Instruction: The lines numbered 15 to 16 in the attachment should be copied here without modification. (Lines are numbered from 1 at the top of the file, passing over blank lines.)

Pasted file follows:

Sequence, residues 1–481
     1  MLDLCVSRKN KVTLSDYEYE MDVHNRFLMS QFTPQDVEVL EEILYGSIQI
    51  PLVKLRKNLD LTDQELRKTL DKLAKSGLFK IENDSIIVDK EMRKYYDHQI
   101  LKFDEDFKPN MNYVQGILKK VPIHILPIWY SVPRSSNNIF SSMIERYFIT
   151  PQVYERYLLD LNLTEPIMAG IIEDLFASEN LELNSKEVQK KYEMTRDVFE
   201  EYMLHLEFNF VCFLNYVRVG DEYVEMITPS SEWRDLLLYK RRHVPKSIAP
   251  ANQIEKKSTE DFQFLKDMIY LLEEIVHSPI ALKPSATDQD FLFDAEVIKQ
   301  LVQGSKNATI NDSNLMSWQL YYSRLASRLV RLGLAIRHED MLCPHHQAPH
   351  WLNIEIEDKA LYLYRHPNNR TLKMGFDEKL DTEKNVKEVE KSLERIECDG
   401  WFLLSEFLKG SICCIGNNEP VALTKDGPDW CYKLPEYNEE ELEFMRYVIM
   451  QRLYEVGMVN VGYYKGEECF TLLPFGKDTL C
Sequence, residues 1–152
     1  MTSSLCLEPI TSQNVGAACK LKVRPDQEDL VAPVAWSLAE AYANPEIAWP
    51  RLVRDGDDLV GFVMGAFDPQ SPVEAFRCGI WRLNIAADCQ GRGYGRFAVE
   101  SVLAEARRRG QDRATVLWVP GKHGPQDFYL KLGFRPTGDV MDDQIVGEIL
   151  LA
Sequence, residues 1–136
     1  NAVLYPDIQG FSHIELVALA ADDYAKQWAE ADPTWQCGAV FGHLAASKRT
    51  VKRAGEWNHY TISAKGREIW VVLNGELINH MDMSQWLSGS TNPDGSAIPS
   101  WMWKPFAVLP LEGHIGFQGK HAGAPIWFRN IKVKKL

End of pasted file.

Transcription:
   101  SVLAEARRRG QDRATVLWVP GKHGPQDFYL KLGFRPTGDV MDDQIVGEIL
   151  LA